It was one of those moments of crystal clarity. I saw my struggles as challenges that shaped and defined me, my choices that led to this moment where I became someone to look up to, and my future as someone with the potential to help others make brave choices, live fearlessly, and appreciate the journey as a necessary part of creating a life they love.
It’s very surreal, as I write this, thinking about my transformation from snowboard hooligan to Paralympic medal winner. The Colorado Snowsports Museum and Hall of Fame recently honored me as their Adaptive Athlete of the Year. I’m a multiple Bronze and Silver Medalist in Banked Slalom and Boarder Cross at the World Cup level. I had the great honor of standing on a podium to represent my country as a Silver Medalist at the Paralympics in PyeongChang, and I’m preparing to do it all again for the 2022 Winter Paralympics in Beijing.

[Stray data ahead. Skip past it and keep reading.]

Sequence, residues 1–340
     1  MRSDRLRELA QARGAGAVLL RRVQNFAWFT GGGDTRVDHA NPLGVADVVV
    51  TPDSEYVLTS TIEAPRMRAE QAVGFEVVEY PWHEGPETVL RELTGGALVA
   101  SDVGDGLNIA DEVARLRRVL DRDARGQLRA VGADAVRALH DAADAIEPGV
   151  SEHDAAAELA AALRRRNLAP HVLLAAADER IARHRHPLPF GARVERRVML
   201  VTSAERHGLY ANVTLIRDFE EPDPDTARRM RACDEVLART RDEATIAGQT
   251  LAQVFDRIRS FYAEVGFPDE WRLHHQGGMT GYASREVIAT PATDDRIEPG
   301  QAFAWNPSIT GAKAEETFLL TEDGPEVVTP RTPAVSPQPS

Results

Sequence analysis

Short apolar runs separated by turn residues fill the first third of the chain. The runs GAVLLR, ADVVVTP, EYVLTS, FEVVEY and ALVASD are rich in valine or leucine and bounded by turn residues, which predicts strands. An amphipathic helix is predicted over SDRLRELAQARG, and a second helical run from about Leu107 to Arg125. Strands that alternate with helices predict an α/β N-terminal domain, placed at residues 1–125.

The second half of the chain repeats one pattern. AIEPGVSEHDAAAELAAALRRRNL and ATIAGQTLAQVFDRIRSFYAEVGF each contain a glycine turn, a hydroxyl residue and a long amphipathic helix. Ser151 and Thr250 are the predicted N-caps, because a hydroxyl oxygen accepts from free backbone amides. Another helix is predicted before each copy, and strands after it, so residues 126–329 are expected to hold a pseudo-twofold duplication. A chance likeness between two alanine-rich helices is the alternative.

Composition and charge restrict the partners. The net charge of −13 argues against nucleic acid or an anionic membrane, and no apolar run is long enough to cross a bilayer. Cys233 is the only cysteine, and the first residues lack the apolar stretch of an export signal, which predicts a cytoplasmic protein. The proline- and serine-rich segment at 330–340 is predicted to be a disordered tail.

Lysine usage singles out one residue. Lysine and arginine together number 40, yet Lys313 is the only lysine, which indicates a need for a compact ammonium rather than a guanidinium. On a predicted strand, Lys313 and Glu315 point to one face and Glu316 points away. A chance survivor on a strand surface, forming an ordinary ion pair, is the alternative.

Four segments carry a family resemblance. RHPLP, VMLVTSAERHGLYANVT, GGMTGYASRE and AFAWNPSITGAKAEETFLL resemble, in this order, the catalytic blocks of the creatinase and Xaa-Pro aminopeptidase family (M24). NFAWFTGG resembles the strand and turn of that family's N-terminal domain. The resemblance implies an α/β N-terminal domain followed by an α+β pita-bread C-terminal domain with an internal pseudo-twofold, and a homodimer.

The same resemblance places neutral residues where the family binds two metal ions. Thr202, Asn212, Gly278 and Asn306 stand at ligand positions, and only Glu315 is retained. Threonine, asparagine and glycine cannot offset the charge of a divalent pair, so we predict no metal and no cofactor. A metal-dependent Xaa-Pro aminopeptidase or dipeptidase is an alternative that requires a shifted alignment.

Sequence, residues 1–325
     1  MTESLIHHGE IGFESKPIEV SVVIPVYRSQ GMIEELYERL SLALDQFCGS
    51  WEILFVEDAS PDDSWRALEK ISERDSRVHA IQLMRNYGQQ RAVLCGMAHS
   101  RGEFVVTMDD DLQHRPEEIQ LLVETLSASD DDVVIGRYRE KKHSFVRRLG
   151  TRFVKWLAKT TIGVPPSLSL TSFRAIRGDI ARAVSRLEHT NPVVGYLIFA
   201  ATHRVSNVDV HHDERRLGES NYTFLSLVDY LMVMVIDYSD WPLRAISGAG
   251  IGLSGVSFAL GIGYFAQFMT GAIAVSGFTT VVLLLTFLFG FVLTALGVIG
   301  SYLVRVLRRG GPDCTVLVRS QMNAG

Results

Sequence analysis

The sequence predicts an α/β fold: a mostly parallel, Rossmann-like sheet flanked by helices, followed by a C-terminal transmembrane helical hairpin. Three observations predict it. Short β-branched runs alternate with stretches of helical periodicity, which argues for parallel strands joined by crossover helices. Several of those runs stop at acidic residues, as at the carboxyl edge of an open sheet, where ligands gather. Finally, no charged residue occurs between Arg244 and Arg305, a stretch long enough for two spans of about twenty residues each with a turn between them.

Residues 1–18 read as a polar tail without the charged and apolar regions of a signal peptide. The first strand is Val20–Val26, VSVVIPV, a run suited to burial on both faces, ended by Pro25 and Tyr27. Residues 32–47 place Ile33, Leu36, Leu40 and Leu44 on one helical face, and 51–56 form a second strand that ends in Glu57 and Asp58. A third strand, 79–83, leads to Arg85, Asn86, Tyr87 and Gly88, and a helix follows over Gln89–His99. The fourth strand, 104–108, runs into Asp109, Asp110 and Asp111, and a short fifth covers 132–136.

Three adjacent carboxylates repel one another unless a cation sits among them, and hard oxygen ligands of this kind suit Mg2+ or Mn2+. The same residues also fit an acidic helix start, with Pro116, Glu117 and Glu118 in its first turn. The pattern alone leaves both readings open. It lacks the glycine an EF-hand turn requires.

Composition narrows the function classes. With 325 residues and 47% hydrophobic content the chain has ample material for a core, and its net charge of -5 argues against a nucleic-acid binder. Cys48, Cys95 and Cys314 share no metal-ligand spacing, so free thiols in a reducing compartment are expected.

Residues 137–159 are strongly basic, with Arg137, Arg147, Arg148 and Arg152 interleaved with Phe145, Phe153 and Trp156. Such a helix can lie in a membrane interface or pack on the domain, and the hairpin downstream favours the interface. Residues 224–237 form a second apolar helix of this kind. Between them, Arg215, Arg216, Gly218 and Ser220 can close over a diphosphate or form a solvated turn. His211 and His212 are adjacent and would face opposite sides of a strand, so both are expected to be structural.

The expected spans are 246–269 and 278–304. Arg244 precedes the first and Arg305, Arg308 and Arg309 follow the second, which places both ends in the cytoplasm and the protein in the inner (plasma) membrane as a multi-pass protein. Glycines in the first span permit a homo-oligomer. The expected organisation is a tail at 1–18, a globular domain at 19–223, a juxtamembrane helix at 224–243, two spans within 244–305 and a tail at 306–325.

If you told me I would accomplish any of that – and as an amputee on top of it all – my teenage self would’ve said you were crazy. All I ever really wanted to do was be the girl on the snowboard who could do everything the boys could do, maybe even better. I would do anything and risk it all to be counted among the greats when it came to snowboarding. When my dream led me to an injury that would have stopped most people, I continued to go for it. Nothing would hold me back. I would be mobile and on my snowboard again no matter the cost. I made the hard choices, did the work, and was hit with more challenges again – and again – and again. But I always got back up, found a silver lining, and held on to my resolve.